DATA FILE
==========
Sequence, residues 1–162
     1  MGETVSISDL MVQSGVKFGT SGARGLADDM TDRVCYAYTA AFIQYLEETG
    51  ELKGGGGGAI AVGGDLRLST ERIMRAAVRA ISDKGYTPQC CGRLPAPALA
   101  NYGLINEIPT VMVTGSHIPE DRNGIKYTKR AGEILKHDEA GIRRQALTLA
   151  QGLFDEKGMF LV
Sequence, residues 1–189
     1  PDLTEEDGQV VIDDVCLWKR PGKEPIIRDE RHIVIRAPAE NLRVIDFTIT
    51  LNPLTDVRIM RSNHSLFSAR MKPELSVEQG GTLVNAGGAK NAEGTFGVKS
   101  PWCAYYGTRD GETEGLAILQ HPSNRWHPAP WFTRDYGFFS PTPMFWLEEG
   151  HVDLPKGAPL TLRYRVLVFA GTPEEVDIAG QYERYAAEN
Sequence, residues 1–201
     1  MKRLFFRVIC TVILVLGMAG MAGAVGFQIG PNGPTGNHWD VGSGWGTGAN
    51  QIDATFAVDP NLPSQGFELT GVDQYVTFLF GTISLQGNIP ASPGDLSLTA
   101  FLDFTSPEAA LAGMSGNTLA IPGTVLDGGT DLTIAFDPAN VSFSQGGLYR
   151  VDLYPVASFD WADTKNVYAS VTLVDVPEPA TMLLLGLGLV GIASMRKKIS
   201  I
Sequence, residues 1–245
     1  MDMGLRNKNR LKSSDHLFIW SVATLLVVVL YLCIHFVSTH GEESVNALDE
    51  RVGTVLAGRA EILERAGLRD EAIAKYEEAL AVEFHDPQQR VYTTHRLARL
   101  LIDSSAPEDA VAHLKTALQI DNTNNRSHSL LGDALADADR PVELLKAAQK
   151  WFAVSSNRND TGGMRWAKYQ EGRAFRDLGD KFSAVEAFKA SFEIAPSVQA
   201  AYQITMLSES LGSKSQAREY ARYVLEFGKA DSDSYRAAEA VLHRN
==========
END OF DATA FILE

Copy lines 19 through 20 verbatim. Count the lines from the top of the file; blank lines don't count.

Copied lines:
    51  RVGTVLAGRA EILERAGLRD EAIAKYEEAL AVEFHDPQQR VYTTHRLARL
   101  LIDSSAPEDA VAHLKTALQI DNTNNRSHSL LGDALADADR PVELLKAAQK